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Perry is famous for being boisterous and loud, as well as being a fairly strict editor. He is known for shouting, "Great Caesar's ghost!" when angry, exasperated or surprised. Perry also dislikes being called "chief" and typically responds by shouting, "Don't call me chief!"--often in response to remarks made by Jimmy Olsen. (At the end of an episode of the TV series, Perry is wearing an Indian feathered headdress when Jimmy calls him "chief." Perry starts to snap, "Don't..." then relents and says, in a calmer voice, "This is one time when you may call me chief!" Perry's other defining trait is a fondness for smoking cigars; in the 1990s Superman comics, however, this practice was mostly discontinued, thanks to a storyline in which Perry undergoes treatment for lung cancer.
Perry White is married to Alice White.
The character of Perry White was created for the radio serial, The Adventures of Superman, and he appeared in the second episode, which aired on February 14, 1940. The character transitioned into the Superman comic book later that year.
Golden and Silver Age history
The earliest Superman comics present Clark Kent and Lois Lane as working for the Daily Star for an editor named George Taylor. However, this was soon changed, with Perry White first appearing as the editor of a newly-renamed Daily Planet in 1940's Superman #7.
In the 1960s and 1970s DC Comics, after the multiverse method of continuity tracking was implemented, the above inconsistency was explained away by declaring that on Earth-One (the Silver Age universe), Perry White is Clark and Lois' employer at the Daily Planet, while on Earth-Two (the Golden Age universe), George Taylor is that world's editor-in-chief of the Daily Star. The Perry White of Earth-Two is a lead reporter for the Daily Star and has "filled in" from time to time, according to a Superman Family tale, as editor while Taylor was away. Superman Family also reveals that the Earth-Two Perry White loses his competition with Clark for the editor-in-chief opening after Taylor retires, however, he remains with the Star in his reporting capacity.
Pre-Crisis on Infinite Earths, Perry begins his career as a freelance reporter for various newspapers, including a Chicago newspaper and Gotham City's Gotham Gazette. He eventually goes to work at the Daily Planet as a reporter, and earns his first Pulitzer Prize by being the first to write about Superboy's extraterrestrial origins thanks to an exclusive interview with the Boy of Steel.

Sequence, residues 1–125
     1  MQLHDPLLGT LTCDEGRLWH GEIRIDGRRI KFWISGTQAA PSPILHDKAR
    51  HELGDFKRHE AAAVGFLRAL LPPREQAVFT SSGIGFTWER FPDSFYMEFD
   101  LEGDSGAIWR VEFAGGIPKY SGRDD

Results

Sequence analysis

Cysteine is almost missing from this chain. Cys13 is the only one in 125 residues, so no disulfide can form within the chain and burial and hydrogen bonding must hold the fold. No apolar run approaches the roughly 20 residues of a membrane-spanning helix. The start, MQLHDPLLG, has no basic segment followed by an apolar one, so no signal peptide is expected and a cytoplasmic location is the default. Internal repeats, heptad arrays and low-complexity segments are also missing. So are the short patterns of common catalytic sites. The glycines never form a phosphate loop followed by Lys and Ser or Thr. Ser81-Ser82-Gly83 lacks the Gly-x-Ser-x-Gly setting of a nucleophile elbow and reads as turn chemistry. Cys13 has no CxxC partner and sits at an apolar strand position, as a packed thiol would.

Later still, Perry's reporting skills earn more praise after being the first to discover that Superboy has moved to Metropolis from Smallville (Superboy had intended to keep his move quiet for an undefined period of time, so as not to alert anyone to Superboy and Clark Kent leaving Smallville around the same time).
Finally, during Clark Kent's junior year of college, Perry is promoted to editor-in-chief of the newspaper, after the retirement of the paper's previous editor, the Earth-One version of George Taylor.
In the early 1970s, the Daily Planet is bought by Morgan Edge, president of the media conglomerate Galaxy Communications, with much of Perry's power in running the paper overtaken by Edge. In the months just prior to the Crisis "reboot" in 1985, it is implied that Perry White is beginning to succumb to Alzheimer's disease, manifesting in increased forgetfulness and confusion.
Modern Age history
Post-Crisis, Perry is born in Metropolis's Suicide Slum area, growing up with a father missing after heading off to war overseas. He becomes a copy boy at the Daily Planet, beginning a lifetime career that will take him up the newspapers career ladder. Perry goes to school with Lex Luthor while they are children (Luthor also grows up in Suicide Slum).
After Luthor becomes a successful businessman, he begins diversifying his holdings in his newly-founded LexCorp company, which includes buying the Daily Planet. Luthor soon sells it after deciding to pursue technology and television investments. Turning down an offer from Luthor to become part of Luthor's new television station WLEX, Perry finds an investor who saves the Daily Planet on the condition that Perry is promoted from reporter to editor. The entire episode, not the least of which is what Perry felt as having been forced out of his active writing career, leaves Perry bitter and angry with Luthor.
Perry marries Alice Spencer and has a son, Jerry White. Much later, after Jerry is fully grown, Perry learns that Lex Luthor is Jerrys biological father. Luthor briefly seduces Alice while Perry is overseas reporting on a war and thought to be killed.
Perry White's two greatest moves as editor are hiring Lois Lane and (later) Clark Kent. When she is 15, Lois had impressed Perry with her persistence in trying to get employment at the newspaper (by lying about her age). After Jerry White dies from a gunshot, Perry and Alice grieve for some time, resulting in Perry taking a leave of absence from the Daily Planet.
Later, Perry and Alice adopt an orphaned African-American boy named Keith Robert, who soon has his name changed to Keith Robert White. At about this time, Perry takes another leave of absence for lung cancer treatment, putting Clark Kent in charge as the Planet's temporary editor. After many grueling months of chemotherapy, the cancer goes into remission.